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and isolate passages that need extra work. Students should then analyze their recordings to identify errors, specifically according to left or right hands.

Once students are able to ascertain what causes the mistakes in their playing, they can address the mistakes by implementing practice strategies learned in class or from their applied instructor. To keep track of what is successful, students should keep a journal of what techniques helped them learn the difficult passage. For passages that cannot be solved individually, students can return to their instructors with a list of failed strategies and ask for help. Both audio and audio-visual recordings are helpful, and ideally, students should use a mix of both recording techniques when analyzing their playing.

4. Play Early and Play Often – Students should have weekly opportunities to play their repertoire in front of live audiences beginning at least one month prior to the solo and ensemble festival. Having performance opportunities scheduled well in advance will hold students accountable and decrease the likelihood they will procrastinate. Informal performance opportunities can include playing for their school music class, performing for their families and neighbors, playing during a chamber music concert at school or a community outreach concert, or a host of other options.

Most students get nervous the first time they play alone or with a small ensemble in front

of an audience, and providing extra opportunities for your students to perform in front of others will help ease their anxiety. As the students become more confident as a performer, their nerves will subside and their musicality will be able to shine. Ultimately, a solo or small ensemble performance should feel like an ordinary event in your students’ lives. By removing anxiety and nervousness throughmultiple performance opportunities – as much as some students may not like them at the time – you will be helping your students have a successful festival experience.

5. Put the Instrument Down – Periodically, students should put down their instruments and practice their performance without anything in their hands. Removing the instrument from the practice process heightens musicians’ awareness and helps them decipher problems. Like yoga, musicians become aware of tiny muscle movements and how those affect their performance. In addition to removing the instrument, it is also important to remove the music from practice sessions. Ideally, music is memorized. However, mental practice of music that may not be completely memorized still allows the brain to soak in the details of the music both deliberately and subconsciously.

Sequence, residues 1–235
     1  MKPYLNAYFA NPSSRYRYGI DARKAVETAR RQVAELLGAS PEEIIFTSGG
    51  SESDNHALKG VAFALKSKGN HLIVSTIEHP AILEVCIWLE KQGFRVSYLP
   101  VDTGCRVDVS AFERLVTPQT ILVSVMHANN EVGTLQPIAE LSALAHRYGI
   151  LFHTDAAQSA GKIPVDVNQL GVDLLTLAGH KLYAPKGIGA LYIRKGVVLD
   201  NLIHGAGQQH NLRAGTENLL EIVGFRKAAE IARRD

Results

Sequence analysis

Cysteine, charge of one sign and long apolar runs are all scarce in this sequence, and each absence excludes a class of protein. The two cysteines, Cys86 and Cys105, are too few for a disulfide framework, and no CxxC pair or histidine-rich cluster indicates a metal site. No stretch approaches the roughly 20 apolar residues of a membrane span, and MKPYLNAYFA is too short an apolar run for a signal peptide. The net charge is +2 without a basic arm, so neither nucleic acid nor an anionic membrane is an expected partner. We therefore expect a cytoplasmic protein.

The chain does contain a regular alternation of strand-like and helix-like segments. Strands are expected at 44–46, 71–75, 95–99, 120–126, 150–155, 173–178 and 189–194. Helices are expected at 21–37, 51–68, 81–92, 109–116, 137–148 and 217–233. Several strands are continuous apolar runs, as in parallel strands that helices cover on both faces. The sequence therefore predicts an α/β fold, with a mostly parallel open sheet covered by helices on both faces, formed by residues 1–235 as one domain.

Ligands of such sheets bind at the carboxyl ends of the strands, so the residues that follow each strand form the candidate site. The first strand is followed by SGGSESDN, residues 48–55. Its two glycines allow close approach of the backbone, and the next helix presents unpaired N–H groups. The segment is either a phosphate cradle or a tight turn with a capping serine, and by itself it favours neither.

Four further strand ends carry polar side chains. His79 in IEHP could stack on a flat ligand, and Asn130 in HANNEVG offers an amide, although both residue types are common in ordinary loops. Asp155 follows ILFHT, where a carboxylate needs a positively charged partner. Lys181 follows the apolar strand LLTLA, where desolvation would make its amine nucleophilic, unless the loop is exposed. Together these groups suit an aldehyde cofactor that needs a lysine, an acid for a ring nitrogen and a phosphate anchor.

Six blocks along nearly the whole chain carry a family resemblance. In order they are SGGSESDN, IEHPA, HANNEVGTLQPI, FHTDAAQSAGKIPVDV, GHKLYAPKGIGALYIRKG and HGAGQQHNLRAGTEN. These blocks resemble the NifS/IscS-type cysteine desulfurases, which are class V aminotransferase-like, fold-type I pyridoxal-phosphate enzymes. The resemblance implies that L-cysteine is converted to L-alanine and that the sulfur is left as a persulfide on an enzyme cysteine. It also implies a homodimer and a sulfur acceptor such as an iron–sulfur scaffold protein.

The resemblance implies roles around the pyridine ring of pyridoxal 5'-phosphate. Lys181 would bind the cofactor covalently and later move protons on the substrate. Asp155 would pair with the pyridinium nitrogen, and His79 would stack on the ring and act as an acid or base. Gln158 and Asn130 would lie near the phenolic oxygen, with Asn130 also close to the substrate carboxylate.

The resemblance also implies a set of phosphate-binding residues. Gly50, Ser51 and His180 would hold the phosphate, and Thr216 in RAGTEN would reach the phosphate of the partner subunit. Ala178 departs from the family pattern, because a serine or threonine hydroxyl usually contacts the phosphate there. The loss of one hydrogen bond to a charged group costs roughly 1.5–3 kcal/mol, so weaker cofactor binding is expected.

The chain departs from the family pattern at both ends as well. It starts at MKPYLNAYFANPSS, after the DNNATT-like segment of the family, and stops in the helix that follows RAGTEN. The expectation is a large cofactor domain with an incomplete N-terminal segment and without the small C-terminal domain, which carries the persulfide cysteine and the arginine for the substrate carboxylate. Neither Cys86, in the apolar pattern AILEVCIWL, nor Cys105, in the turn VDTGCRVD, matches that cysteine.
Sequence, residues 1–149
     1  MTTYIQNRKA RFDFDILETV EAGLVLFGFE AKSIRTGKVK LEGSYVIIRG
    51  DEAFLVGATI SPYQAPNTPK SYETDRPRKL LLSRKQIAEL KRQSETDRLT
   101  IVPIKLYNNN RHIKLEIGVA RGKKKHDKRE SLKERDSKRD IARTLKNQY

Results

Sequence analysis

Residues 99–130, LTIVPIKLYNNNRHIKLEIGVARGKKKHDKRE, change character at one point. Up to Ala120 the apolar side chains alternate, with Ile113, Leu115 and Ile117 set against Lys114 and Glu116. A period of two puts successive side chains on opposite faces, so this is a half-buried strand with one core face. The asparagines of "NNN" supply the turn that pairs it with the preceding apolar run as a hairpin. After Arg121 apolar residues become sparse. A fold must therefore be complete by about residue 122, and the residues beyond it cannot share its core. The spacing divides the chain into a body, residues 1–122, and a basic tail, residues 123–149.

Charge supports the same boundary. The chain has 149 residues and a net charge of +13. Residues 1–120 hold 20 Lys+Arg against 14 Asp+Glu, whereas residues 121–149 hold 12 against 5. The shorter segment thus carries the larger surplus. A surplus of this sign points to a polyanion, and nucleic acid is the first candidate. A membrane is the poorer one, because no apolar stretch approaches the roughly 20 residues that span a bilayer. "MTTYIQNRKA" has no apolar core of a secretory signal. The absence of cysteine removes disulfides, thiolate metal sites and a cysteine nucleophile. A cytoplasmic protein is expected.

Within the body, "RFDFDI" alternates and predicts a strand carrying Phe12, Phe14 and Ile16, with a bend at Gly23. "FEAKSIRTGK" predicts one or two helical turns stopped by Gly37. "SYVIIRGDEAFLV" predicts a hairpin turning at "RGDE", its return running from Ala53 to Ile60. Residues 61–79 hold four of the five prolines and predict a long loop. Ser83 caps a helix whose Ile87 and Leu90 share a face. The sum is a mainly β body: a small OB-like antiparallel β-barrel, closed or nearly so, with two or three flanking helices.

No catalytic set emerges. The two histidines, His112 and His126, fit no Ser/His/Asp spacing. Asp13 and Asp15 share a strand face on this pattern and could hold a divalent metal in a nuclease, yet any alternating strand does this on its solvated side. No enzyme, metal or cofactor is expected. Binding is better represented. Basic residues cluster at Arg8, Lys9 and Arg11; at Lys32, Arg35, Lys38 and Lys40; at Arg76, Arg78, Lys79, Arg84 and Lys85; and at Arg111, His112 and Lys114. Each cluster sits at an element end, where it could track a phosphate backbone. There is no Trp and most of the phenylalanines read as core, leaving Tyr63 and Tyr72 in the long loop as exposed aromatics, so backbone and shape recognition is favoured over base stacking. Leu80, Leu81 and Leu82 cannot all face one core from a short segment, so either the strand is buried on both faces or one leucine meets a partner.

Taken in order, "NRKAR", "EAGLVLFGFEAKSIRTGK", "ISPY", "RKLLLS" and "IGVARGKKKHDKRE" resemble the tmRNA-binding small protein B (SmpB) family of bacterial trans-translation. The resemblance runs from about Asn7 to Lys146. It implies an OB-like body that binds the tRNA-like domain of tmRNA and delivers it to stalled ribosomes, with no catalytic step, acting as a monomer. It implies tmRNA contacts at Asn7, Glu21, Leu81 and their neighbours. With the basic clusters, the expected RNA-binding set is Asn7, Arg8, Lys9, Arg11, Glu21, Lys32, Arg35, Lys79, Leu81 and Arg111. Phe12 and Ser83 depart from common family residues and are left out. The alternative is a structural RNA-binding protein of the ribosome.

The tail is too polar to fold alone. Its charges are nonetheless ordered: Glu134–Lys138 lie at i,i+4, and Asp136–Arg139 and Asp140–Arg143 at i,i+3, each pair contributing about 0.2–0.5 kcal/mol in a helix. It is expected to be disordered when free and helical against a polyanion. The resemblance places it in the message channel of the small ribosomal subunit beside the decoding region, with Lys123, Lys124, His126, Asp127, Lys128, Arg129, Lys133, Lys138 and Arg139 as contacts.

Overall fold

Practicing away from both the instrument and music also allows musicians to hear the music in their head and to reinforce their inner voice. Periodic mental practice is a great way to spend time reinforcing musical aspects of a performance in the later stages

of learning a piece. It is also useful earlier in the process when students have limited time between other activities and may not have an instrument with them.

In an ideal world, all students would be able to experience the joy and elation of successfully performing by themselves and in small ensembles. Students who experience this joy will surely seek more opportunities to find pleasure in playing their instruments throughout their lives. The five tips above will help your students have better solo and ensemble festival experiences, but more importantly, they will hopefully help to create lifelong musicians.

Dr. James Mick is an assistant professor of music education at Ithaca College in upstate New York. He is also music director of the Rochester Philharmonic Youth Orchestra and president-elect of New York ASTA. He earned degrees from Texas Christian University (BME), Ithaca College (MM), and Florida State University (PhD).

Dr. David Pope is Director of Orchestras with the Elyria City Schools near Cleveland (OH), the conductor of the Camerata Orchestra at Case Western Reserve University, and co-director of the Florida State University String Orchestra Camp. He is a frequent guest conductor and clinician throughout the United States.

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